Joan of Arctic
I'm a 54-year-old woman, married for 21 years to a pretty decent guy. When our now-18-year-old son was little, my husband completely ignored Mother's Day for maybe six years. Once, I asked him why, and he simply said, "You aren't my mother." It hurt me SO MUCH because I busted my butt to be a good mom. I told him why I was so upset, and one year, I laid on our bed and cried, but nothing changed. Six years ago, he began giving me a card and flowers on Mother's Day. This year, he and our son got me hanging flower baskets, which was wonderful. The problem is I can't get over his doing nothing in the past, and it's affecting my feelings for him and how I treat him.
If your relationship has a spirit animal, it's best if it isn't a dog frozen in time after the volcanic eruption at Pompeii.
The problem between you started with an error in mind-reading. "Mind-reading" sounds like a Vegas magic act, but it's a mental ability we all have (though it's actually mind-predicting rather than -reading). Psychologists call this "theory of mind," referring to our ability to do reasonably well at guessing ("theorizing" about!) the "mental states" of others, meaning the emotions they're experiencing, their beliefs, their desires, and their intentions.
I give an example of theory of mind in action in "Good Manners for Nice People Who Sometimes Say F*ck": "When you see a man looking deep into a woman's eyes, smiling tenderly and then getting down on one knee, your understanding and experience of what this usually means helps you guess that he's about to ask 'Will you marry me?' and not 'Would you mind lending me a pen?'"
Unfortunately, we often do pretty poorly at the everyday swami thing because we tend "to imagine that other minds are much like our own," observes anthropologist Donald Symons. Making matters worse, we tend to assume others' minds should work like our own. So, if something isn't important to us, we assume it isn't (and shouldn't be) important to someone else.
Your husband's view of Mother's Day — unimportant and only applicable to one's own mother — led him to conclude it should be unimportant to you and to sneer, "You aren't my mother!" This sort of assumption leads to strife and maybe even divorce through the resentment that builds when one partner consistently doesn't get their needs met (and gets them mocked, to boot).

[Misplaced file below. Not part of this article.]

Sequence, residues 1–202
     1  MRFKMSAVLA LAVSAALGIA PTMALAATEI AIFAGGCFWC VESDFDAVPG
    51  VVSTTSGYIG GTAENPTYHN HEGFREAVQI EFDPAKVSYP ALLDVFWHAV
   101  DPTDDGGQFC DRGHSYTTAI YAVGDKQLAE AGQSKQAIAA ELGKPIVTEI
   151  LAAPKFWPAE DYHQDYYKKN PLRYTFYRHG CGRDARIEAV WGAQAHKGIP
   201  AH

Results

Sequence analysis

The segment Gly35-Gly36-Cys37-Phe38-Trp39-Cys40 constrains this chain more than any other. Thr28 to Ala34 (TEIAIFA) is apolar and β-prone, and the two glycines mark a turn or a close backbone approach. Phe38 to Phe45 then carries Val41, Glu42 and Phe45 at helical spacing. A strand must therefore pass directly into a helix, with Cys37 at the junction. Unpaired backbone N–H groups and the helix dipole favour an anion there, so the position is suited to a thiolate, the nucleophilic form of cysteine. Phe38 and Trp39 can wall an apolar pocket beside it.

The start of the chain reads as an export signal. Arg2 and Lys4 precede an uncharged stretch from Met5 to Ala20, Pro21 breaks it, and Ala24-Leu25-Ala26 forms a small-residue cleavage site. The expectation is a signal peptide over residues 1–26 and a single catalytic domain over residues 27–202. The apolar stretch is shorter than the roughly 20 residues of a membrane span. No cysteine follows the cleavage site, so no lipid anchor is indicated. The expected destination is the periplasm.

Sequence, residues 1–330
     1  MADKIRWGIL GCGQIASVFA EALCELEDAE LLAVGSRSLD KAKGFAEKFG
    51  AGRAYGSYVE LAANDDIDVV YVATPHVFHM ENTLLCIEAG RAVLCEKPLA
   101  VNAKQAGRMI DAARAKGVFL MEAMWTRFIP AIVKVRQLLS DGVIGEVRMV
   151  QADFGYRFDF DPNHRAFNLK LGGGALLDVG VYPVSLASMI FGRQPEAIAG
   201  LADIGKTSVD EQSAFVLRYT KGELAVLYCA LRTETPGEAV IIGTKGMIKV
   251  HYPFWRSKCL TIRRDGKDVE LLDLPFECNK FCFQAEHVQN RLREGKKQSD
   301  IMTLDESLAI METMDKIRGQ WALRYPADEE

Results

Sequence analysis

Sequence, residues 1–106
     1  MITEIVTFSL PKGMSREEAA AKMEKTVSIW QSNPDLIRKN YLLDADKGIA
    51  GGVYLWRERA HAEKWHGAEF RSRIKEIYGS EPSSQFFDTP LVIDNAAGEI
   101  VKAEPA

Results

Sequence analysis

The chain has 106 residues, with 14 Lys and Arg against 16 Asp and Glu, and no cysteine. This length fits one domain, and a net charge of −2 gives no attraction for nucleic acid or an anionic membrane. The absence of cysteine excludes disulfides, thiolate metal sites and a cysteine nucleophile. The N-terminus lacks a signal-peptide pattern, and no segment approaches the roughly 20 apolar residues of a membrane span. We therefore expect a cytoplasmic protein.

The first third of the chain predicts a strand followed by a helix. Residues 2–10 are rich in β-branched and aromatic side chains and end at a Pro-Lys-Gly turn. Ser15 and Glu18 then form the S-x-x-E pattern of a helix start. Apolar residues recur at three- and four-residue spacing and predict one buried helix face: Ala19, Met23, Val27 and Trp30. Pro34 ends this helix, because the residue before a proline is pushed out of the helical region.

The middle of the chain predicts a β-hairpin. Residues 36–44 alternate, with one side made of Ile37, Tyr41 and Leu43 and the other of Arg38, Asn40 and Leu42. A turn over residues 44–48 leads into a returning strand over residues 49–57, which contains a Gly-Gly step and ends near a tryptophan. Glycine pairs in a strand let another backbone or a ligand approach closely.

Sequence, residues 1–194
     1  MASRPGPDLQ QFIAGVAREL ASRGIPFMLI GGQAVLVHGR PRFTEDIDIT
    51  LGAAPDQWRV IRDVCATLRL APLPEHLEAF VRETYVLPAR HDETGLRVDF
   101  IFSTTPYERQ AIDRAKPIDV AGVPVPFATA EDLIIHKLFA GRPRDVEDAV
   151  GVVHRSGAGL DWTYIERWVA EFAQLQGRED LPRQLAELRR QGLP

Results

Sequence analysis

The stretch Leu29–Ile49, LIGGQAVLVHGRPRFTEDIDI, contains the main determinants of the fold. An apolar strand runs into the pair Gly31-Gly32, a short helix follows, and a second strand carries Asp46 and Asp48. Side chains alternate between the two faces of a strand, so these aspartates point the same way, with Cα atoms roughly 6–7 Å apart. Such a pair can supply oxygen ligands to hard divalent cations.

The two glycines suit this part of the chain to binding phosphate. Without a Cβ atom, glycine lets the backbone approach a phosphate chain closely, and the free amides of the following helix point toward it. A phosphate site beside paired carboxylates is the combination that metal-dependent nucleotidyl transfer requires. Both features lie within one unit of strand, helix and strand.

Happier, lasting relationships are fostered through a different approach: loving acceptance of the crazy. Even when you think your partner's desire is irrational or unbecoming of someone with an IQ surpassing that of a root vegetable, if you won't lose a limb, part company with your ethics, or otherwise seriously put yourself out, why not give them what they want? Again, you don't have to find it reasonable; you do it because it would make them happy.
Though your husband's now coming around on Mother's Day, I would bet my last bra strap he doesn't care in the slightest about Father's Day and still might not get why Mother's Day means so much to you. But you cried and cried, and he eventually got that it was hugely important to you (perhaps through your son's influence), and he's come around — this year with the hanging flowers of Babylon. That's awesome.
However, you have yet to update your idea of him as mean and selfish, perhaps because, like many people, you see forgiveness as a feeling and wait for it to strike you, lightning on the golf course-style. In fact, forgiveness is a set of actions you choose to take. Evolutionary social psychologist Michael McCullough explains that forgiveness involves deciding to set aside a grievance against a person, expressed in your "thoughts, emotions, and/or behaviors," in order to have a continuing relationship with them.
Consider that your husband, though "pretty decent," might have some continuing limitations in understanding and accepting what you need (even when you tell him). A mediator with a relationships focus would be helpful in facilitating understanding and empathy between you, maybe in a single session. (Find one at Mediate.com.)
If mediation isn't an option, there's still a DIY approach: Explain the science on theory of mind and the notion of doing things simply to make your partner happy (even if you find their desires a bit crackers). This might help your husband be more motivated to come around in ways you need, showing you he's making an effort, best he can. This, in turn, could help you break with the past and the resentful feelings that went with — releasing them into the wild like Sea World's orcas into the ocean: "Bye, Shamu! Bye, Bruce! Bye, Carla!"